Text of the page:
Two years after 2013’s unicorn boom – companies or startups that obtained valuations of approximately $1 billion or more during their growth – the decacorn concept emerges. This is the term used to describe private equity firms that are worth more than $10 billion and stand out from the rest of the unicorns.  

In 2013, only 39 companies were considered unicorns.  Today, according to CB Insights[1], 863 companies are worth more than $1billion and every week a new one is born. This means that the valuation for this type of company has thrived exponentially.  

Among the most notable to obtain this status is Stripe, the payments fintech currently worth $95 billion.  Furthermore, startups such as Australian graphic design platform Canva ($40 billion), video game company Epic Games ($48.7 billion), and Chinese e-commerce Shein ($15 billion), also stand out.  

If we observe the region, Latin America already has two decacorns.  The first was Argentine e-commerce platform Mercado Livre, which obtained this status in 2017. The second was Nubank, a Brazilian fintech that created a “neo-bank” with an international credit card backed by Mastercard, which has no annual fees or charges and can be managed from a mobile app.  

Tech in Nature 

The existence of decacorn startups not only means that there are companies with a higher valuation, but also that there is a new way of looking at the industry, with investments in technology-based ventures and development.  

The innovative concept of these new companies arises from a new way of perceiving a company’s worth.  Startups, by nature, are more focused on growth than on usability.  

One of the world’s most prominent cases is Amazon, founded in 1994, which in 2016 announced four consecutive quarters of profit.  

As a result, many startups follow the example of Jeff Bezos’ conglomerate, therefore needing more long-term investments focused on innovation and the development of new technologies.  

Technology has been significantly driving this type of new business. When a decacorn emerges, for instance, it produces a multiplying effect. This means that these companies possess characteristics that make them important employers of highly-skilled resources, with an impact on salaries, creating a relevant multiplying effect on local demand for products and services, not to mention the development of suppliers.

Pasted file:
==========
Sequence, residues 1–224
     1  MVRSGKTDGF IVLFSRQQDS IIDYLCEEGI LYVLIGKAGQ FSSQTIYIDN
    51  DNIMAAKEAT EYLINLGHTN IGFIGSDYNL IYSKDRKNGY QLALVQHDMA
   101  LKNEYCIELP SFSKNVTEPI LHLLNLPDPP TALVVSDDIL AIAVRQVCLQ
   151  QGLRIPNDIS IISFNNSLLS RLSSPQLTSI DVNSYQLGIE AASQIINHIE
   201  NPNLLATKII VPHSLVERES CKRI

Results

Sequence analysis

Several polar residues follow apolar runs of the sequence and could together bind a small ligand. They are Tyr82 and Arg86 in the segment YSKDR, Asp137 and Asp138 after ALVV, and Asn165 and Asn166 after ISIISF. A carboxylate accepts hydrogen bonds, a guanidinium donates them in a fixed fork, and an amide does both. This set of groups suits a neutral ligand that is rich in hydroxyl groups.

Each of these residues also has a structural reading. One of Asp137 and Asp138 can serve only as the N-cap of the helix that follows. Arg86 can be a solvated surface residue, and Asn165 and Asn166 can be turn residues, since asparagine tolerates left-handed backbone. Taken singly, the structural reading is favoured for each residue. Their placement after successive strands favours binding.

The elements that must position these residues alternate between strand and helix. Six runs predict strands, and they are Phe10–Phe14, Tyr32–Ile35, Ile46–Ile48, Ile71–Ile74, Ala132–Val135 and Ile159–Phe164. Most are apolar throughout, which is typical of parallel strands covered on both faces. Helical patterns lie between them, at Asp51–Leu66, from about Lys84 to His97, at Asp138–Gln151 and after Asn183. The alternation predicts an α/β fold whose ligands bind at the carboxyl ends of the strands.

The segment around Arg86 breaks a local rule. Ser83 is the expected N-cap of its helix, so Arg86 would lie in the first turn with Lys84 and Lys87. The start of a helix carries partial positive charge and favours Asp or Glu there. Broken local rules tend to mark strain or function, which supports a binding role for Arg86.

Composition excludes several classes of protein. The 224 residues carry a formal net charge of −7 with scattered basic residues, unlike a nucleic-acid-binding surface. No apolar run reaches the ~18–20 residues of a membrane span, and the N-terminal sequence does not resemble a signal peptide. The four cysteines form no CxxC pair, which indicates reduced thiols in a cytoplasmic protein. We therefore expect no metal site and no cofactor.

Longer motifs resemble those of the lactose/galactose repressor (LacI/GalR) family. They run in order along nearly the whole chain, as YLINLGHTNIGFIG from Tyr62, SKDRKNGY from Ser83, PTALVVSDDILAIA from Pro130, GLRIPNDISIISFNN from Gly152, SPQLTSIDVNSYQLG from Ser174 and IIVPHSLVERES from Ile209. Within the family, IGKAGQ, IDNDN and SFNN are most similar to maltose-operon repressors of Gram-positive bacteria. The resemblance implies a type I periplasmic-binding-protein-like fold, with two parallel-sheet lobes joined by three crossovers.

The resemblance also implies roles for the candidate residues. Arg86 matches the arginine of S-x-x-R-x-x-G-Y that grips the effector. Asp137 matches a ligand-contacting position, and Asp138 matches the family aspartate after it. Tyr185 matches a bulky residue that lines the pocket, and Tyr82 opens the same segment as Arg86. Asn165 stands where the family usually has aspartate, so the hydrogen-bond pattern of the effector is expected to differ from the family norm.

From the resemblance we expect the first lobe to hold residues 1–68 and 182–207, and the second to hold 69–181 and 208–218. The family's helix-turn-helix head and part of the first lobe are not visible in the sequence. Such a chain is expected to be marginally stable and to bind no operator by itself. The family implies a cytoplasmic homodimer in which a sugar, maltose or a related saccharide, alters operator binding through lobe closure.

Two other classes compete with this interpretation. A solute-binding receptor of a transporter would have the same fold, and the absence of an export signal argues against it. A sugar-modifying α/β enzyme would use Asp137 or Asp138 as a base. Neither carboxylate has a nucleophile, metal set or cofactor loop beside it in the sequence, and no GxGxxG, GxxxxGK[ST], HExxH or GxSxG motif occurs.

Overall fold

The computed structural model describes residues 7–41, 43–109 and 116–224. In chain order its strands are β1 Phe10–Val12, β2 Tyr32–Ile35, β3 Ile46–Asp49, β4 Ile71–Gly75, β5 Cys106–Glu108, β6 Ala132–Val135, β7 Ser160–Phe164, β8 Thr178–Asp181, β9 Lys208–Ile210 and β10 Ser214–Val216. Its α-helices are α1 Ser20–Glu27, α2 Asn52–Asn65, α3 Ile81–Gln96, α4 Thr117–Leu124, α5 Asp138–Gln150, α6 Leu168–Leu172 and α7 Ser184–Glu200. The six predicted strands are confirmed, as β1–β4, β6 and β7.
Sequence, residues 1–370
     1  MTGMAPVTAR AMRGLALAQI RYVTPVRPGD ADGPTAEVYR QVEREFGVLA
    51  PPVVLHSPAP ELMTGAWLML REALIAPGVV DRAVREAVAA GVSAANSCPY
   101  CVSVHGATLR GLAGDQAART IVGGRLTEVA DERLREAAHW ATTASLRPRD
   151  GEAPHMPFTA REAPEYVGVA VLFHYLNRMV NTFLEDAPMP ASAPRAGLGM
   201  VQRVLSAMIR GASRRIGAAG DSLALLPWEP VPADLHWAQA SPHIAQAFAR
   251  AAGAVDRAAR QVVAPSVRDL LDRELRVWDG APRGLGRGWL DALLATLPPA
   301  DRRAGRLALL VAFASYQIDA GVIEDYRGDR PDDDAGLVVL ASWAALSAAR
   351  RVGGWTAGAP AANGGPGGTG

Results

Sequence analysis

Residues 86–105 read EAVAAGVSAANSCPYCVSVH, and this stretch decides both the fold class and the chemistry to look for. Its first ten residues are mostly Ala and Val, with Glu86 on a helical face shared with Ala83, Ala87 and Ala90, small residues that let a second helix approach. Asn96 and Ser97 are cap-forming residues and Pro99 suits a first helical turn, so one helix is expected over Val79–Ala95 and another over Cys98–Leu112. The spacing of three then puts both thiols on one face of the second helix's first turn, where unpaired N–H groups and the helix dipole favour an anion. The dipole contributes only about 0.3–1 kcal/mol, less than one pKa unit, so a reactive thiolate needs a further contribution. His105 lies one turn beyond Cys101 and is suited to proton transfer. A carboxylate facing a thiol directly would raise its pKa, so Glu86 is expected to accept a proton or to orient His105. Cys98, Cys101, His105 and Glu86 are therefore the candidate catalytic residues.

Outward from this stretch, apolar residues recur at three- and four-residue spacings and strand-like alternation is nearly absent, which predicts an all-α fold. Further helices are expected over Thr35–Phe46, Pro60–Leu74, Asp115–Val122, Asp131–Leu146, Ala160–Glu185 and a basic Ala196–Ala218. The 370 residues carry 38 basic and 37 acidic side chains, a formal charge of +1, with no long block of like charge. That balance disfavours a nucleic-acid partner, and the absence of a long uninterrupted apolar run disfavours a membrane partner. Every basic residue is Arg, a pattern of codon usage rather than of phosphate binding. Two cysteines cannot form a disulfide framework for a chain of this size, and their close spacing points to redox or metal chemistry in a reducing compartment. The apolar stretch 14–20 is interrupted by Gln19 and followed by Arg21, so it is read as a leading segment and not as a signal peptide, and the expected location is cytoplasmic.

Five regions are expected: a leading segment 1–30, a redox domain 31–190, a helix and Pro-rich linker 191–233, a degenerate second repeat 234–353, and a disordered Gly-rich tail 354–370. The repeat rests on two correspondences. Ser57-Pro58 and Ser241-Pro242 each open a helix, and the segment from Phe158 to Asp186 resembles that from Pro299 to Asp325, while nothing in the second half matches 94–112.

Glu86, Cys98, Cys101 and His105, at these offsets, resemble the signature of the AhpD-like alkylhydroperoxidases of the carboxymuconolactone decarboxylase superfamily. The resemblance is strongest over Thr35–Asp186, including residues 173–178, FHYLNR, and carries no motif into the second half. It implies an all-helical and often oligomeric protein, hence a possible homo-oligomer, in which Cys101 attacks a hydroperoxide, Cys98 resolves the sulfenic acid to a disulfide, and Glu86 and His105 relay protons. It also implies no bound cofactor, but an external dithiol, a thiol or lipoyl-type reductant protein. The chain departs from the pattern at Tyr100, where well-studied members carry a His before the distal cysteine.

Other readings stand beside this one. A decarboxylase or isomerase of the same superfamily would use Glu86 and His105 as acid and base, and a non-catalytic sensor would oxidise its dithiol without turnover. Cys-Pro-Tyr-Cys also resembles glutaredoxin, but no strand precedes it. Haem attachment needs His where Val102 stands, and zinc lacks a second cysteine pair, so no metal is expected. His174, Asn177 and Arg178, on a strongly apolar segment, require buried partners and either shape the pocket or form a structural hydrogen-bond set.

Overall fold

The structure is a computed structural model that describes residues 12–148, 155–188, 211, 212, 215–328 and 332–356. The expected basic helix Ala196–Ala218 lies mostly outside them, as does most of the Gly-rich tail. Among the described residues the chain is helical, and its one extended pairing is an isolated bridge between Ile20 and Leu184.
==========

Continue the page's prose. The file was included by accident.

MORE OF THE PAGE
However, many of these projects are centered on innovation and technology, as they normally become, through several technology training initiatives, key axes of talent development, which are then positively spread throughout the entire knowledge industry.  

If we look at the numbers represented by decacorns’ technology, business, and revenue, the balance is extremely positive.  

In this year’s first quarter alone, a report from FT Partners[2] shows that five startups joined this exclusive club: FNZ, valued at $20 billion; Blockchain, at $14 billion; Open Sea, with a valuation of $13.3 billion; Bolt, which managed to reach $11 billion; and Alchemy, which obtained a valuation of $10.2 billion.  

Finally, if we look at the most prominent cases of decacorns in the world, such as hosting platform Airbnb; Tesla founder Elon Musk’s aerospace company SpaceX; the computer application development company, Palantir; the shared workplace network, WeWork; the image sharing social network Pinterest; and Uber’s competitor Lyft, the element uniting, driving, and defining them is their development of technological innovation and how they have benefited from partner companies.  

Therefore, there’s no surprise in believing that decacorns will soon become increasingly common, impacting the shape of new and better services around the world.



David Iacobucci
Sales Director
Lumen Chile

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